Mason gets the Flyers to even, Toews lifts the Blackhawks to another OT win and Getzlafs return helps Ducks pull away from the Stars. Also, notes on Richards, Leddy, Horcoff and more. FREE MASON Steve Mason, making his first start of the playoffs, stopped 37 of 38 New York Rangers shots to lead the Philadelphia Flyers to a 2-1 win in Game Four, evening the series at two games apiece. It was the first postseason win in six career playoff appearances for Mason, who last started April 12 when he suffered an upper-body injury. The Flyers defence had some possession extremes. The pairing of Braydon Coburn and Kimmo Timonen were on for better than two-thirds of the 5-on-5 shot attempts, while the duo of Andrew MacDonald and Luke Schenn were at the other end of the spectrum. Rangers C Brad Richards had all kinds of opportunities, generating a playoff-high 14 shot attempts, but their only goal was scored by Dominic Moore early in the first period. Flyers D Nicklas Grossman was forced to leave early after suffering a lower-body injury. If hes not able to get back in the lineup for Game Five, then Erik Gustafsson or Hal Gill will be available to join the lineup. Now that the series is even, the goaltending battle between Mason and Henrik Lundqvist will be in the spotlight. That figures to be an advantage for the Rangers, but it wasnt in Game Four. CAPTAIN SERIOUS WITH THE WINNER After Blackhawks RW Patrick Kane pulled the trigger on the overtime winner in Game Four, Blackhawks C Jonathan Toews managed the feat, with a backhand deke on a breakaway to win the game in OT. Blackhawks RW Marian Hossa had a strong game, scoring his first goal of the series and registering a game-high seven shots on goal. Blues C David Backes, who missed the past two games with a concussion, returned to the St. Louis lineup and had a game-high eight hits in 21:35 of ice time. Blackhawks D Brent Seabrook, suspended three games for knocking out Backes, is due to return for Game Six. His replacement, Sheldon Brookbank, has chipped in a couple of assists in three games, but has struggled in terms of puck possession. Over the past two games, Blackhawks D Nick Leddy has been on for 41 shot attempts for and 12 against (77.4%) at 5-on-5. 61.8% for the series. In a series that is so close that there is a five shot attempt difference between the teams at even strength, Leddys doing his part to win his matchups. Losing back-to-back overtime games is tough for the Blues, who now have to find a way to win back-to-back games, starting with Game Six in Chicago. DUCKS TAKE FLIGHT The Dallas Stars and Anaheim Ducks were engaged in a competitive game, with the Ducks holding a one-goal lead entering the third period, before the Ducks broke the game open with three goals in the first seven minutes of the third period, wrapping up a 6-2 in in Game Five. The big news for the Ducks was that C Ryan Getzlaf returned to the lineup, after missing Game Four, and recorded a goal and two assists to lead the way. Getzlafs linemate, Corey Perry, also contributed a goal and two assists. Ducks G Frederik Andersen, who was pulled from Game Four, responded with a strong effort, stopping 34 of 36 shots by the Stars. At the other end, Stars G Kari Lehtonen was pulled after surrendering five goals on 21 shots, giving way to Tim Thomas, who stopped one of the two shots he faced in the final 14:38 of the third period. Stars D Brenden Dillon appeared in his first game in two weeks and played 20:18, but he struggled at times, and finished with Dallas worst possession stats for the game. One positive to take from the game for Dallas is that LW Jamie Benn was a force, scoring a shorthanded goal and creating a bunch of chances. Also, C Tyler Seguin was firing shots as the Stars attempted to come back, finishing with 13 shot attempts, eight of which ended up on net. Through the first five games Benn, with five points, is tied with veteran C Shawn Horcoff for the Stars playoff scoring lead. For Anaheim, its Getzlaf, who has seven points in four games in this series. The Stars have lost some lopsided games in the series, but have solid enough possession stats to feel like they are still in this series. If they can hold serve at home in Game Six, that will set up an interesting winner-take-all matchup in Game Seven. Scott Cullen can be reached at
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The stadium was filled with the sound of woofing.Felt like times from way, way back when.And with a dominating performance, the Browns suggested theyve finally made it all the way back.The challenges of playing hockey in a Canadian market are well documented: higher taxes, over abundant media coverage, lack of anonymity, an unrelenting and vicious winter, way too much Rush in rotation on FM radio. What makes Canada such a great place to be a hockey fan makes it a difficult environment to play in. Canada is indisputably the centre of the hockey universe, and at that universes core is Toronto. The Greater Toronto Hockey League is over a hundred years old and the largest minor hockey league in the world. Despite their futility, the Leafs could sell out Rogers Centre for home games charging $1000 and first-born children for upper deck seats. The Marlies are flourishing in the AHL. Next years World Junior Hockey Championships (co-hosted with Montreal) are sure to be the most successfully attended and celebrated ever. And yet, as a player, what would entice you to ply your trade in the Big Smoke?The crowds at the ACC for Leafs game are an embarrassment to hockeys most important market. The stories of the suits in the expensive seats, absent for starts of periods and reticent to loosen their ties even as Brian Burke undid his, are well known. The arena is eerily quiet compared to its contemporaries, a conservative and reserved audience in a sport and city renowned for its maniacal fandom. And this is not indicative of Toronto crowds, as we witnessed during the Raptors playoff appearance this year, rowdy afternoons at Jays games at Rogers Centre, and the masses that turned out this year and last in Maple Leaf/Raptors Square. But those involved fans (who make up the vast majority of Leafs Nation) enthusiasms are negatively tempered by the lower bowls reservations, reservations bred by alternately flawed and complacent approaches to building a competitive team and the absence of a winning presence. As a player who is passionate about his vocation, why would you want to commit to an environment that doesnt match that passion, especially when the home ice advantage can be such an important component of the game?Often in pieces that claim players like Thornton are interested in playing for the Leafs, the prospect of coming "home" is cited as a key factor. The very notion of "home" is a flawed premise in this lazy argument. Even if you call "home" somewhere in Southern Ontario, as a hockey player you probably havent lived there since you were 16. Thornton has lived in San Jose for nearly a decade, is a naturalized US citizen, has a wife, a mortgage, perhaps a few pets, maybe a café he really likes to go to, a favourite pizza place, a butcher who cuts his ribeyes to just the perfect thickness. But the Toronto Sun is going to tell him where his home is.For many players, one might suspect that playing at home in front of an overbearing hockey dad, mum and her new husband, and sycophantic high school acquaintances just a few blocks from where that girl broke your heart is the very definition of hell. And is working in your hometown really all that enticing? How many of you work in your hometowns? Hardly any. Youve all moved to Toronnto.ddddddddddddThornton is from St. Thomas, Ontario, which would place his NHL "hometown" in Detroit or Buffalo as much as in Toronto, and yet those markets media dont seem to be making the "coming home" argument. Torontos hockey media is the most intense in all of professional sports. Maybe Montreals is equal, but half of the vitriol and conjecture there is in French, and only a fraction of NHLers understand it. (Reasonably, even those of us who are bilingual dont really understand it.) In Toronto, there is endless speculation, much of it even based in fact. Each flaw, each mistake (on and off the ice) is dissected and disseminated ad nauseum. Trade rumours are fabricated on a daily basis, the ubiquitous "NHL executive" noted as an unimpeachable source. The discussion of hockey in Toronto has become an insufferable wall of noise for an uninvested observer, so imagine if the discourse directly affected your family, your income, and your life.It seems a lot to ask of a player to endure such amplified attention, especially given the fact the Leafs have not been a competitive team since 2004. And that is final circle of the NHLs Hell: irrelevance. Toronto is still recovering from the John Ferguson Jr. era. They have some formidable pieces in Kessel, Morgan Reilly, and Jonathan Bernier; a young skilled forward, puck moving defenseman, and promising goaltender around which to build. They have a top-ten pick in the coming draft, some interesting if not spectacular prospects (Stuart Percy, Matt Finn), and some movable pieces (Nazem Kadri, Jake Gardiner). Brendan Shanahan emanates stability and hubris. But theyre still saddled with bad contracts (Dion Phaneuf, David Clarkson), a suspect coaching philosophy, and a lack of depth. And to watch the Kings, Blackhawks, and Rangers this spring is to know the Leafs are far removed from that level of hockey.So if you were an unrestricted free agent, or a player on the trading block with some say in his future, why would you come to Toronto? Consider Thornton: Youre in your mid-30s, never won a Cup, live in the perfection of Northern California, in a market that sustains you but doesnt invade you, and youd chose to move to Toronto, with its high taxes, magnified attention, and with as much of a chance of winning a Cup in the next five years as Quebec City? Toronto is a world-class city, cultured and cosmopolitan, a great place to live and make a life. The Joe Thorntons of the world should want to play home games at the ACC. The challenges of the market need to be offset by a tradition of winning and the only way for Toronto to do that is to build a stable and competitive franchise through hoarding draft picks and young controllable players, and eschewing the temptation of quick expensive fixes like Clarkson, or Thornton. The best thing for a successful NHL would be a dominant Toronto Maple Leafs team. Given the teams last decade, however, it seems like that wont happen until Hell freezes over. Fortunately for Toronto, most of it freezes over every January, so the wait may not be that long. Cheap China Jerseys Cheap NFL Jerseys Cheap NHL Jerseys Cheap Jerseys From China China NFL Jerseys Cheap Jerseys Cheap Jerseys ' ' '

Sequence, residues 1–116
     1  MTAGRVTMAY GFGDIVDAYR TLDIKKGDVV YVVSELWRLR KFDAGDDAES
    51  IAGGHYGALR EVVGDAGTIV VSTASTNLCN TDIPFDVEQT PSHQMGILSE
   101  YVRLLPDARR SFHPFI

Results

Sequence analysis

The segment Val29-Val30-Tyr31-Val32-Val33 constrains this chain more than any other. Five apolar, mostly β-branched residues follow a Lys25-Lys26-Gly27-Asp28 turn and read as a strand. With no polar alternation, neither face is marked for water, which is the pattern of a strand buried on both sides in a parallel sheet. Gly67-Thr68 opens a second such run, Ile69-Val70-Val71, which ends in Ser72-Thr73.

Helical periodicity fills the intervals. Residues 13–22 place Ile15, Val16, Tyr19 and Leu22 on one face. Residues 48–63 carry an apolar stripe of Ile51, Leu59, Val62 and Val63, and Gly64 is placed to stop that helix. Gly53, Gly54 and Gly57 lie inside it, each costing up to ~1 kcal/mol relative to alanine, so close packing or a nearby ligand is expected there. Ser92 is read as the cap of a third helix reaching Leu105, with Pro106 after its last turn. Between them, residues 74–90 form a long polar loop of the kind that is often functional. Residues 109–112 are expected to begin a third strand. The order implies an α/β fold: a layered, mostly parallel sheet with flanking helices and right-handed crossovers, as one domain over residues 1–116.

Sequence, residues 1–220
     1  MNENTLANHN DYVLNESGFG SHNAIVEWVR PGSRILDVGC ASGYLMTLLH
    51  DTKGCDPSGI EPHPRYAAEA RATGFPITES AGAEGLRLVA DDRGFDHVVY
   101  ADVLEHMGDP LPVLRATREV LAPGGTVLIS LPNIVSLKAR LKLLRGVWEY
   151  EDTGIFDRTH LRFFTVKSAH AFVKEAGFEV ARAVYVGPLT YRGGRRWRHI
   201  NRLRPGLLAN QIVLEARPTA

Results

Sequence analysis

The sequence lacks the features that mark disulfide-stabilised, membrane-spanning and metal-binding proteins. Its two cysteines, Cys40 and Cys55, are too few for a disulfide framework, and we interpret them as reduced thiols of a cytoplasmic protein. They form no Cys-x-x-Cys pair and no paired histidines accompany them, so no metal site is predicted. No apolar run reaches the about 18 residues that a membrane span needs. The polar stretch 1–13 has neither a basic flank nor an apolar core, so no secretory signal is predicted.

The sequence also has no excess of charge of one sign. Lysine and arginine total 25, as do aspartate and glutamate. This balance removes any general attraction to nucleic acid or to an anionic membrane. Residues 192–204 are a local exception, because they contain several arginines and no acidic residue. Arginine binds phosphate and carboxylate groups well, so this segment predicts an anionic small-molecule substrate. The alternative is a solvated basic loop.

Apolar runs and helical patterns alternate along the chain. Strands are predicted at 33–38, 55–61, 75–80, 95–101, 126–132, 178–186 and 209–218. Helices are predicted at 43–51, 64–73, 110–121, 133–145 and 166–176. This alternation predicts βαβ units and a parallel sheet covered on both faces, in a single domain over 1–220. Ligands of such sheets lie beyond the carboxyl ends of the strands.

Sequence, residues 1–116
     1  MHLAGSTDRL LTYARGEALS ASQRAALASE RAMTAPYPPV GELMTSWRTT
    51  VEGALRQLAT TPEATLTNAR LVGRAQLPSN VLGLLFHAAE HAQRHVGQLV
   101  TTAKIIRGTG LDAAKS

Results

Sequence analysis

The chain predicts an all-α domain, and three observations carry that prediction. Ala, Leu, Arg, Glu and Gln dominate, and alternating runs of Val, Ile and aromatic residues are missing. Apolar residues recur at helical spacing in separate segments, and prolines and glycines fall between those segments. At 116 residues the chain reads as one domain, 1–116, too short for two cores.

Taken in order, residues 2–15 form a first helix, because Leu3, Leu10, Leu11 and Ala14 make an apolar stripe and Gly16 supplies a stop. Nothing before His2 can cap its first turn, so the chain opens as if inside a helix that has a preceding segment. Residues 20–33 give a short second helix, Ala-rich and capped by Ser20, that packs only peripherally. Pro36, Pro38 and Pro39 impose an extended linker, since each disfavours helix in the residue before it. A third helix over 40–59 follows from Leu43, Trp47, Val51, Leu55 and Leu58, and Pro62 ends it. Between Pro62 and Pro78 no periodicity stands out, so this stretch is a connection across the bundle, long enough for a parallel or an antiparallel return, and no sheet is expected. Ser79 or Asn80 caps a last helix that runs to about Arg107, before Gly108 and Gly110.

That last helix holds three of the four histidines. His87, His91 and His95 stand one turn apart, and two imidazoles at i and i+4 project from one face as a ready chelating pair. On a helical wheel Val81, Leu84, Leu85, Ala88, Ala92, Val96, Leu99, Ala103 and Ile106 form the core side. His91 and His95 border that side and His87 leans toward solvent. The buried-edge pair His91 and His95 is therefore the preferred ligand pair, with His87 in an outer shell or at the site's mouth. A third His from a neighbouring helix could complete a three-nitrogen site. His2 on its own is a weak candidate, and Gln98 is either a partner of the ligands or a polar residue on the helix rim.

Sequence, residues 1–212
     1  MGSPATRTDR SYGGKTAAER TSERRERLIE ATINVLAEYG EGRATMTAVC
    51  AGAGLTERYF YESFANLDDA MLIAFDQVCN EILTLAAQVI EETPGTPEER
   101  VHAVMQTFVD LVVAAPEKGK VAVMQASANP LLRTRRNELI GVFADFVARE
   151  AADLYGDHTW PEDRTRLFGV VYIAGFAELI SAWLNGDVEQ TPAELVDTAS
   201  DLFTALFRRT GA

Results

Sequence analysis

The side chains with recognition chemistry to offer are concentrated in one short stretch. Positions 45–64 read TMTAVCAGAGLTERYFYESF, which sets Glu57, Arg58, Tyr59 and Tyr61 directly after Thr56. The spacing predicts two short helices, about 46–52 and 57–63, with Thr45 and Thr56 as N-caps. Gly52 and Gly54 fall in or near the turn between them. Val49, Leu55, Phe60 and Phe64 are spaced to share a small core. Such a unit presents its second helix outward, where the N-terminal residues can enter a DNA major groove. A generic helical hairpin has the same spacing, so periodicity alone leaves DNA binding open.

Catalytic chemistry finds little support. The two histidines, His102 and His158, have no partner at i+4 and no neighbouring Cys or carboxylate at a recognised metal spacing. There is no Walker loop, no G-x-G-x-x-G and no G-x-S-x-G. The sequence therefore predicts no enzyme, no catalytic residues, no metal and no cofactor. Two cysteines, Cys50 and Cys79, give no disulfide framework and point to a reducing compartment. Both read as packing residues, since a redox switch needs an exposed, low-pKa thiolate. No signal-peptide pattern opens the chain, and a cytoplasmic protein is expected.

Statistics: Posted by fu0222 — Thu 24 Mar 2016, 07:52